J R R Tolkein said: “Believable fairy-stories must be intensely practical. You must have a map, no matter how rough. Otherwise you wander all over the place. In The Lord of the Rings I never made anyone go farther than he could on a given day.” I loved following the adventures in the maps, and the artist helped give atmosphere to the story.
I feel very lucky to have an artist as clever as Sam Broad to do the cover and maps for each of the Tales of Fontania. He has an amazing sense of fun and drama. I don’t think he could do a boring picture no matter how hard to tried. His illustrations almost zoom off the page with energy. The other thing I really like is how he adds his own details to the basic ideas.
The Volume of Possible Endings is in five parts and each one is headed by an illustration. The one on page 158 is a fabulous raven soldier. See how his foot rests on the toadstool. See the feather dropping off his hunky arm. And take a look at the can of army rations on p 98. It’s disgusting. I love it.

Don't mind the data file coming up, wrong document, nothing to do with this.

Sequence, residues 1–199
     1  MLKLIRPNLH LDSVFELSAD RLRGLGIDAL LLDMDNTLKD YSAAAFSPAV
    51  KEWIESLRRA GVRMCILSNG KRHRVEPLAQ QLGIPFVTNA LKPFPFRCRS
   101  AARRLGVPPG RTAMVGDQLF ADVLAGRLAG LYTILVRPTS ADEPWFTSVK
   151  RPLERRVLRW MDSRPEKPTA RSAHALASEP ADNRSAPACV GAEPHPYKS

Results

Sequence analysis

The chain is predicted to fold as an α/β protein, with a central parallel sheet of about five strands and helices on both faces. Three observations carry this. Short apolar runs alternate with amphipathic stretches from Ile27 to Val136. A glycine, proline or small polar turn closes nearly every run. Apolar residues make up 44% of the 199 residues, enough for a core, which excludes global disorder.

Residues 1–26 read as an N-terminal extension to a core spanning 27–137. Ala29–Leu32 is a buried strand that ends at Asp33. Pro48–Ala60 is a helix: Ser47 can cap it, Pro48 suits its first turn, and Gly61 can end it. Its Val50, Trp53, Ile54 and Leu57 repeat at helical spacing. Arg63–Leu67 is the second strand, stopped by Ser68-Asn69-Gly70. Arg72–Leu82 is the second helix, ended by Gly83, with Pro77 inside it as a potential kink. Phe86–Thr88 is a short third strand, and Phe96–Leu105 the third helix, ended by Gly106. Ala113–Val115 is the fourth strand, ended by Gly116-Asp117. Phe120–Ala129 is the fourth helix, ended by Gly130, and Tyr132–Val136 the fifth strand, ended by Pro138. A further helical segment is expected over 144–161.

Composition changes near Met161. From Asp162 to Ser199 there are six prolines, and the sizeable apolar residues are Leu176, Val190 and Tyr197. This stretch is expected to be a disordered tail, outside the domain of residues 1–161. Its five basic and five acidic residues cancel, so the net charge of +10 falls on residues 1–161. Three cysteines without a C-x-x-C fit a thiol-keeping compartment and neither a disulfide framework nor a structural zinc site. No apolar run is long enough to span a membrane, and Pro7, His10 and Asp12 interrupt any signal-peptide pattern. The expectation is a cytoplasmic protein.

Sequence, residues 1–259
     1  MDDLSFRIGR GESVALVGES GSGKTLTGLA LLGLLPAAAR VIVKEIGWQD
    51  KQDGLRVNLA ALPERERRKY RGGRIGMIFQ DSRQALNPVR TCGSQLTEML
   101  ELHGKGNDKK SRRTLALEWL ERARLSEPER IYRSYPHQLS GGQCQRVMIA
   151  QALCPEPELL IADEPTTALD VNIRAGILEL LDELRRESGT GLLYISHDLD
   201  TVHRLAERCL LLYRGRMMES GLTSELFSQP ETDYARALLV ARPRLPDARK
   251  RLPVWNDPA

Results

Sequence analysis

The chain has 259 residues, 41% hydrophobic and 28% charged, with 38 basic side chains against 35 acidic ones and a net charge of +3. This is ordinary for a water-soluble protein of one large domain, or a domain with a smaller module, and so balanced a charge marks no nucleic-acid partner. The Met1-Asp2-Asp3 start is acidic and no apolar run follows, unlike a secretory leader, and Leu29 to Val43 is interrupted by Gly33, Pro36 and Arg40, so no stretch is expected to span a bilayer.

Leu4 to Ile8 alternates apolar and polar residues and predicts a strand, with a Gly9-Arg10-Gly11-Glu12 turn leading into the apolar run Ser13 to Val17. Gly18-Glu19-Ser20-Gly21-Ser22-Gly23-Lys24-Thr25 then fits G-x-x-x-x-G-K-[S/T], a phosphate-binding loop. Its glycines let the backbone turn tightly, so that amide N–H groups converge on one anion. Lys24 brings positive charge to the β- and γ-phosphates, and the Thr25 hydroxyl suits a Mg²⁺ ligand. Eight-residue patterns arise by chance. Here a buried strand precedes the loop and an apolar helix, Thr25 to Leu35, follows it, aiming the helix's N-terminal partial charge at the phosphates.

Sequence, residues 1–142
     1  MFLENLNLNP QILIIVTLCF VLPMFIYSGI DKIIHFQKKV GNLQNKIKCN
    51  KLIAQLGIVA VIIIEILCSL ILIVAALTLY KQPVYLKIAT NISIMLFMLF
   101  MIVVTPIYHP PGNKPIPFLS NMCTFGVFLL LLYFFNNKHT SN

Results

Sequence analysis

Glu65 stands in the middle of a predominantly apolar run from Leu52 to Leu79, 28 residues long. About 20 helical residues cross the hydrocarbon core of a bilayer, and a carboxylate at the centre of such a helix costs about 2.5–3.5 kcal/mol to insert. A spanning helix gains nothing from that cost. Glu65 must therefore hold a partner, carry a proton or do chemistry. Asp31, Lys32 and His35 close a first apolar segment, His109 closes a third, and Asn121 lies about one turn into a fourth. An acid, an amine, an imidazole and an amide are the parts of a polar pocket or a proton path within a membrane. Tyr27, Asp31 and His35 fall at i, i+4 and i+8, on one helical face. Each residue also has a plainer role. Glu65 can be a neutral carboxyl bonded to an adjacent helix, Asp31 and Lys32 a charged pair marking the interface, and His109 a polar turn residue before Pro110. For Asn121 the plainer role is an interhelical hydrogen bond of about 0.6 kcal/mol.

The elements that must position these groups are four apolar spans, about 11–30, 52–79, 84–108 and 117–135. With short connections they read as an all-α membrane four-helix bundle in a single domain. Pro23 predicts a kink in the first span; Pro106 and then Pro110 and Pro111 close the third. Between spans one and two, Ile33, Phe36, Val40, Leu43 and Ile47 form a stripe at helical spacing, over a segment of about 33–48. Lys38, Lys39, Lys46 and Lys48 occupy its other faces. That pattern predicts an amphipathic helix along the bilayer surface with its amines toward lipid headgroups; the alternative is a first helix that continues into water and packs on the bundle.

The inside covers of The Volume of Possible Endings have a map of Owl Town where most of the action takes place. While I’m drafting a novel, I have to do maps myself to make sure I’m sending the characters in the right directions. I’m very grateful that Sam can look at my scrappy scribbles and turn them into versions that are so much fun and – well, I’ve already said clever. But when it’s about Sam Broad, it is worth saying clever at least twice.
Check out more of his work on his website.